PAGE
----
Thoughtful, detailed coverage of the Mac, iPhone, and iPad, plus the best-selling Take Control ebooks.

 

 

Pick an apple! 
 
Open Files with Finder's App Switcher

Say you're in the Finder looking at a file and you want to open it with an application that's already running but which doesn't own that particular document. How? Switch to that app and choose File > Open? Too many steps. Choose Open With from the file's contextual menu? Takes too long, and the app might not be listed. Drag the file to the Dock and drop it onto the app's icon? The icon might be hard to find; worse, you might miss.

In Leopard there's a new solution: use the Command-Tab switcher. Yes, the Command-Tab switcher accepts drag-and-drop! The gesture required is a bit tricky. Start dragging the file in the Finder: move the file, but don't let up on the mouse button. With your other hand, press Command-Tab to summon the switcher, and don't let up on the Command key. Drag the file onto the application's icon in the switcher and let go of the mouse. (Now you can let go of the Command key too.) Extra tip: If you switch to the app beforehand, its icon in the Command-Tab switcher will be easy to find; it will be first (or second).

Visit Take Control of Customizing Leopard

 
 

Take Control of Apple TV, Chapter 2: Set Up Your Apple TV

Send Article to a Friend

This article is a pre-release chapter in the upcoming “Take Control of Apple TV,” by Josh Centers, scheduled for public release in January 2014. Apart from “Chapter 1: Introducing Apple TV,” these chapters are available only to TidBITS members; see “‘Take Control of Apple TV’ Streaming in TidBITS” for details.


Set Up Your Apple TV

The Apple TV is simple to set up; just connect the proper cables to your home entertainment center and follow the onscreen instructions. But I’ll show you how to make that initial setup even easier. If you own a compatible iOS 7 device, all you have to do is turn on your Apple TV and touch your iPhone, iPod, or iPad to it!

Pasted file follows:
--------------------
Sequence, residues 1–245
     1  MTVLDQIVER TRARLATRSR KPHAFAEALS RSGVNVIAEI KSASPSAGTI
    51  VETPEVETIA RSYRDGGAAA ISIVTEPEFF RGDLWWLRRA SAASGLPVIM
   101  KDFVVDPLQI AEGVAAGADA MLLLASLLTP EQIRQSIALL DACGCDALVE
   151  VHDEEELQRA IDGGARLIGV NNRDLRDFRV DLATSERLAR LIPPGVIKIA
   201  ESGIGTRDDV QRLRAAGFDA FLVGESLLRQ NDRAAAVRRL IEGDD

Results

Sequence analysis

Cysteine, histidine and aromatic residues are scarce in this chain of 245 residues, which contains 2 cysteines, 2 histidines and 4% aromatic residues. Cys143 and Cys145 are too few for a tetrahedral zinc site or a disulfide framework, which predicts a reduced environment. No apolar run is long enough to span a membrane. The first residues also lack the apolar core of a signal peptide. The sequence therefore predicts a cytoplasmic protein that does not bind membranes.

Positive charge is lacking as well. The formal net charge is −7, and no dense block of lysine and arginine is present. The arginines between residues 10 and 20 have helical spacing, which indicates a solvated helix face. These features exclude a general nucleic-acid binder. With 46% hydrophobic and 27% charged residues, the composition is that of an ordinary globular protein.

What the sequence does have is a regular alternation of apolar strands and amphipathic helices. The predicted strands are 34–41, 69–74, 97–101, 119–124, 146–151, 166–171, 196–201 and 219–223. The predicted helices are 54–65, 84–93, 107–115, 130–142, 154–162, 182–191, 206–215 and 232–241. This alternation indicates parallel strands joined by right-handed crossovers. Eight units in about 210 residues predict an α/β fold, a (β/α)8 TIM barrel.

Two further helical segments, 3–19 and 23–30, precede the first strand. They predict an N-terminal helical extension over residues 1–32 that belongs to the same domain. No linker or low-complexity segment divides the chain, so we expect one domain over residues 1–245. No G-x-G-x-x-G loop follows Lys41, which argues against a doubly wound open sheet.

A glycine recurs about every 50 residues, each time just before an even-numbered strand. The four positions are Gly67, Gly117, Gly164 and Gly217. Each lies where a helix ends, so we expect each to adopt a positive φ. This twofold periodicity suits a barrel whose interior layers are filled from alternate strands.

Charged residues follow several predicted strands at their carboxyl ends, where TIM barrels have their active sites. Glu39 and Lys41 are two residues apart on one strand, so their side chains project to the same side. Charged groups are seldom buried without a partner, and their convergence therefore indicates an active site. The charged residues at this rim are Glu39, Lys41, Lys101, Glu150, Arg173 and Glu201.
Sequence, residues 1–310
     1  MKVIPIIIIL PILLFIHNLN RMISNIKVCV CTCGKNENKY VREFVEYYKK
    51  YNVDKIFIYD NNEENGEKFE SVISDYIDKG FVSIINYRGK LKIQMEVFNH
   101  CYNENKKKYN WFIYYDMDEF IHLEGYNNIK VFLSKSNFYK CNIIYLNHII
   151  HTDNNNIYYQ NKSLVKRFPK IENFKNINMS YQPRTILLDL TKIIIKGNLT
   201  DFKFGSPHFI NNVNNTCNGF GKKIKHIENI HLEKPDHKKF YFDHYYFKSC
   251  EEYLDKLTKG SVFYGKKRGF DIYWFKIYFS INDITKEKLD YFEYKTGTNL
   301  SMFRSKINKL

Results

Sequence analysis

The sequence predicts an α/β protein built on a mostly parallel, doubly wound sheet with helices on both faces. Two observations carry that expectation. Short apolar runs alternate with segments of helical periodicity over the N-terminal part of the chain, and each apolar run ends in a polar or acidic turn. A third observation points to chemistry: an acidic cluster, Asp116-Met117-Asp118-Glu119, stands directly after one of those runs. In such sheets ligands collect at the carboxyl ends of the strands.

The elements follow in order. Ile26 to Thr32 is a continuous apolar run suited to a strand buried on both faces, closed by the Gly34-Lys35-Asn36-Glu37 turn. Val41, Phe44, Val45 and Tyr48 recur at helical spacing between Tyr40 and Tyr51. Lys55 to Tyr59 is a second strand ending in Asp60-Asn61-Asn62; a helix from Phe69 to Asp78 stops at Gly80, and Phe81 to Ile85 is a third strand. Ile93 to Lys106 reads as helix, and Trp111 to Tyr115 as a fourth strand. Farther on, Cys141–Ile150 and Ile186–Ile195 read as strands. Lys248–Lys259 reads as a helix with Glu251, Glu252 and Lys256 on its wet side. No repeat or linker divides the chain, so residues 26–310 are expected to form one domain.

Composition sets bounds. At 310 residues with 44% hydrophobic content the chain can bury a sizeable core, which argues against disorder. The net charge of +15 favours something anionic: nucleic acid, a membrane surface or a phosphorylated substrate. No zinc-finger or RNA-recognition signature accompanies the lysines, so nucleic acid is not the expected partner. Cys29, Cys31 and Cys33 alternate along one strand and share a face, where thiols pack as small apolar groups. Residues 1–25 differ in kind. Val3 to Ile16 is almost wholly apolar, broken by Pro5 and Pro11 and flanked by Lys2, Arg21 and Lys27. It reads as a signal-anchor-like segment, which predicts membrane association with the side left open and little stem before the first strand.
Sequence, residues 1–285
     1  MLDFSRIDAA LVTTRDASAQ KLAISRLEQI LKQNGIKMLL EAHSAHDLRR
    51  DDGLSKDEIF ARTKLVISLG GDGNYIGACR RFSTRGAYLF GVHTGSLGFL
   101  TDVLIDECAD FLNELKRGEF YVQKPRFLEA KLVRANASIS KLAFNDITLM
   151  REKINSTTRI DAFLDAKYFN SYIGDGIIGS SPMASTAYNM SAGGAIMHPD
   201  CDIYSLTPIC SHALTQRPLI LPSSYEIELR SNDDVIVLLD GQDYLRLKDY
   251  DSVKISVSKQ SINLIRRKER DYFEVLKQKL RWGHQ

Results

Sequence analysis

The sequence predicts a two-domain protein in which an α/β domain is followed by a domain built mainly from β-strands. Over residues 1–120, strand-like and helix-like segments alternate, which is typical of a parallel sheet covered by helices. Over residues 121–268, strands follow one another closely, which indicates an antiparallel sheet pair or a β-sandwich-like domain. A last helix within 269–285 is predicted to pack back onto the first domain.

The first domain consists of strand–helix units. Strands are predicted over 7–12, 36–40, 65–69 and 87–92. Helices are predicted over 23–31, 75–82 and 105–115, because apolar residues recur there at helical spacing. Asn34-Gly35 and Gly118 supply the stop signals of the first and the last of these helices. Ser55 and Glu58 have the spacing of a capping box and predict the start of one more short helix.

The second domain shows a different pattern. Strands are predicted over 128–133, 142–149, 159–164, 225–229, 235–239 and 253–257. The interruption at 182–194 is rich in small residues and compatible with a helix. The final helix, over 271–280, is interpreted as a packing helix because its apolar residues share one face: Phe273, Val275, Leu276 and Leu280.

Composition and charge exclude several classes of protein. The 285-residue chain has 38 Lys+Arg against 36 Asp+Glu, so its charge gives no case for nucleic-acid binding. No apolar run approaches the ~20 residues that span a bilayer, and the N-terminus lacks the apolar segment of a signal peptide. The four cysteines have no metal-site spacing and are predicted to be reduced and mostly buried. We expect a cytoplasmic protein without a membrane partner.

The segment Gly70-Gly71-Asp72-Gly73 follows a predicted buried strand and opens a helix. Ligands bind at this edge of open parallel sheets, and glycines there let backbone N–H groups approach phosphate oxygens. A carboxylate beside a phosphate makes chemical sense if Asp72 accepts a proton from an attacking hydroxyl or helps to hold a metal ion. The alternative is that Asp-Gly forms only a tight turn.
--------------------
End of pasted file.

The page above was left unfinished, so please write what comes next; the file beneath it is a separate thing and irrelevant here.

In this chapter, I’ll offer advice on what to do if you own an older television without HDMI inputs, the best places to buy an HDMI cable, whether to use a wired or wireless Internet connection, and the settings you’ll want to look at right away.

Make the Connections

Before you can do anything with the Apple TV, you have to connect it to your television and network. Let’s look at the ports on the back of your Apple TV (Figure 1).

The rest of this 3,449-word article is currently restricted to paid TidBITS members. If you’d like to support our work and become a paid member, it's an easy process and we'll throw in some additional perks.

If you are a paid TidBITS member, you can read the rest of this article by logging into your account. Clicking My Account > Login at the left. Contact us if you have problems.

 

READERS LIKE YOU! Support TidBITS by becoming a member today!
Check out the perks at <http://tidbits.com/member_benefits.html>
Special thanks to James Smith, Catherine Wiles, Gil Woolley, and
Marinus Vaarkamp for their generous support!
 

Comments about Take Control of Apple TV, Chapter 2: Set Up Your Apple TV
(Comments are closed.)

There are no comments on this article.